Although pore-pressure prediction has its roots in work of Terhazhi that dates back to the 1930s, it wasn't until the 1960s that pore-pressure prediction became a serious pursuit in the oil industry. Hottman and Johnson and (a little later) Pennebaker published papers that started the involvement of geoscientists in pore-pressure prediction. Tergazhi was a soil scientist. Hottman and Johnson were petrophysicists, and Pennebaker was a drilling engineer.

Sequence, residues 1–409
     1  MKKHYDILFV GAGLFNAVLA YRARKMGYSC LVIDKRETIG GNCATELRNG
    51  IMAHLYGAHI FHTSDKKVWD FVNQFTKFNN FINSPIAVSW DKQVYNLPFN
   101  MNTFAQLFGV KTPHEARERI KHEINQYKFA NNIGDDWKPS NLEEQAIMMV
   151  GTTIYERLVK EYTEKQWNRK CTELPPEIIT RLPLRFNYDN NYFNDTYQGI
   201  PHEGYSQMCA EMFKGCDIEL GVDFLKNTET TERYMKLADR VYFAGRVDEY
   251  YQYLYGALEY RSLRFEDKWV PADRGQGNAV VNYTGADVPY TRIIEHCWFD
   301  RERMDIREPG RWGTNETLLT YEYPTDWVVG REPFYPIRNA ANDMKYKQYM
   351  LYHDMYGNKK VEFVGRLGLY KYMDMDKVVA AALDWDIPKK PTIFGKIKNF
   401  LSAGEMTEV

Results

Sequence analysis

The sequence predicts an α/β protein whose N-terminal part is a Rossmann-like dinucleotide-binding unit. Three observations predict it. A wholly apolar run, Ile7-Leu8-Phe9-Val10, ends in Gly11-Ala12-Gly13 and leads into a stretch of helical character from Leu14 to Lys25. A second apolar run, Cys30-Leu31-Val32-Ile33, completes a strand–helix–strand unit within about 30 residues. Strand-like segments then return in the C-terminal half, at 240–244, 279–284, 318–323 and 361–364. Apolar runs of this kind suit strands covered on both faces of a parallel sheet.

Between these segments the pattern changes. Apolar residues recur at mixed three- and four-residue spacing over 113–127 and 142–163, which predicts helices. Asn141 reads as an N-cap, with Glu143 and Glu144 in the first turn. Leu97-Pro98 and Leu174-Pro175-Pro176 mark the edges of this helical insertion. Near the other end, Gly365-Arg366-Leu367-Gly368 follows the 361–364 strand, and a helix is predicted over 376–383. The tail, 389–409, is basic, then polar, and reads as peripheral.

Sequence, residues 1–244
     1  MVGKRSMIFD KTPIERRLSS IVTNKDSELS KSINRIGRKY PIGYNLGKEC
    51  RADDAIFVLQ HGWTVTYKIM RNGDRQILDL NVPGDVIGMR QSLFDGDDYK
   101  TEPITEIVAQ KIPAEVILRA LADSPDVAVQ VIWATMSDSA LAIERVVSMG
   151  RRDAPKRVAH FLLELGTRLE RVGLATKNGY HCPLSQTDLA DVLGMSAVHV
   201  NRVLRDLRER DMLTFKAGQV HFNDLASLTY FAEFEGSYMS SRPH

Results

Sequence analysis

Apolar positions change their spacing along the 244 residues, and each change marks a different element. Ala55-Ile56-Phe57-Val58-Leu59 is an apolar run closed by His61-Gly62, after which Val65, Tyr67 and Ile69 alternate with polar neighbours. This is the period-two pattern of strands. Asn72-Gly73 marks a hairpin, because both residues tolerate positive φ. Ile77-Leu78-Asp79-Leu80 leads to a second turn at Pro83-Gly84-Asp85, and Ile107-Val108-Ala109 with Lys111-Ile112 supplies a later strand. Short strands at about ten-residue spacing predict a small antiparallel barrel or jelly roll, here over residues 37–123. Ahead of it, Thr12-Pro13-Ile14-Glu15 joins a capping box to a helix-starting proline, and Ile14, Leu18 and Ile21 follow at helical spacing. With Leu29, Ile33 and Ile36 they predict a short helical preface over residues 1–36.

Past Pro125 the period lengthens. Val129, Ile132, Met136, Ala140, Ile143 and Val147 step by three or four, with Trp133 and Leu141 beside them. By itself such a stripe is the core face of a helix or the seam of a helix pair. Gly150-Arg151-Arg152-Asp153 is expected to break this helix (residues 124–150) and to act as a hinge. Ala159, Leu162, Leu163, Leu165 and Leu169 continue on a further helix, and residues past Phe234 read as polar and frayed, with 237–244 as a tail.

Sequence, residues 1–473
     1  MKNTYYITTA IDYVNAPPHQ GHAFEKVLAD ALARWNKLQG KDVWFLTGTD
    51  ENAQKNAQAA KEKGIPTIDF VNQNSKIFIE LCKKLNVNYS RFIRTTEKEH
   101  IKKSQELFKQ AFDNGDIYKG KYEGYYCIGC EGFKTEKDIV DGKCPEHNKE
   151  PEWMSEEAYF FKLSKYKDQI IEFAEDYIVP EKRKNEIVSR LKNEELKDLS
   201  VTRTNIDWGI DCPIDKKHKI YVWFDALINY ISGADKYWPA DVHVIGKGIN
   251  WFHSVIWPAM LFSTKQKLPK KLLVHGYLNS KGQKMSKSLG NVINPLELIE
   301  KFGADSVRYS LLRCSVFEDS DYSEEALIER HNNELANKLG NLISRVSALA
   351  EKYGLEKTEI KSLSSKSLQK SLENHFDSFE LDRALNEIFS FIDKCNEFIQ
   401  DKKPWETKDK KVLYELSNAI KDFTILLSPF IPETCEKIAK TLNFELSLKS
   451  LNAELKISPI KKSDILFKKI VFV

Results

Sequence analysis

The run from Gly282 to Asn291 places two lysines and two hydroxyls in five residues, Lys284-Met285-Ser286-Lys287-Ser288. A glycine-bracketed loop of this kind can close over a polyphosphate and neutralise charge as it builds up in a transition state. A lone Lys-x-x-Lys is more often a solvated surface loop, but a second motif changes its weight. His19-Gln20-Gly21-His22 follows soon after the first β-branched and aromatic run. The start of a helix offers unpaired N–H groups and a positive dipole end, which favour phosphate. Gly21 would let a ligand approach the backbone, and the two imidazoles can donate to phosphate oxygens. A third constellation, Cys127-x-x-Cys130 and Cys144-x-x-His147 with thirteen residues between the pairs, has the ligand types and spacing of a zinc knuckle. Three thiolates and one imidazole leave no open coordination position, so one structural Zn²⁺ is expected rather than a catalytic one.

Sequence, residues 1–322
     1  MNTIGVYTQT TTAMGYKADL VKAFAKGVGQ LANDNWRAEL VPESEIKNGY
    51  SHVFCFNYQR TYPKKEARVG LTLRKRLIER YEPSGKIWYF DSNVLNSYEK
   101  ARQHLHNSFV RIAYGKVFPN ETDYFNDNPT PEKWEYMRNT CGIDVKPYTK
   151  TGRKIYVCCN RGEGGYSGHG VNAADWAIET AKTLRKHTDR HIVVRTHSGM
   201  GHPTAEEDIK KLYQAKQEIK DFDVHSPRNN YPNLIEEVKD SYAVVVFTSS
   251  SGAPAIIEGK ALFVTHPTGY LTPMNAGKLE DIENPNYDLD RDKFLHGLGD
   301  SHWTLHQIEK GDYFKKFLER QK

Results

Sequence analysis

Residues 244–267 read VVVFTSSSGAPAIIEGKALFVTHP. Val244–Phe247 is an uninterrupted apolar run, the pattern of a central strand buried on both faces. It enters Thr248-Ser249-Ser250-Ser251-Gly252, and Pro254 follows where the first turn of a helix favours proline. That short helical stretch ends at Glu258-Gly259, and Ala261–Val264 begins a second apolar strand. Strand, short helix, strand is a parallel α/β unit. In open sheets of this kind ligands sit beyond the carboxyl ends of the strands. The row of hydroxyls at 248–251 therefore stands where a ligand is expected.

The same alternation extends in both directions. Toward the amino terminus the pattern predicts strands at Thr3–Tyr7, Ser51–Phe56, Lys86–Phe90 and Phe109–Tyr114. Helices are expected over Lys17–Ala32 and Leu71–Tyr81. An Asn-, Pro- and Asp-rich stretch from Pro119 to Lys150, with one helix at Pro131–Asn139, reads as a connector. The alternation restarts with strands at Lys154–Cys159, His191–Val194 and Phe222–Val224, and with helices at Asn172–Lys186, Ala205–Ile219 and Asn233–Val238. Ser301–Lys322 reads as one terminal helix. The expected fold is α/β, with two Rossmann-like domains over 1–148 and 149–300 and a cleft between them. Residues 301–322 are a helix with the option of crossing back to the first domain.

This variety of backgrounds is typical of the range of disciplines involved with modern pore-pressure prediction. Add seismic stratigraphy, drilling engineering, mechanical engineering, and basin history analysis, and you start to get an...

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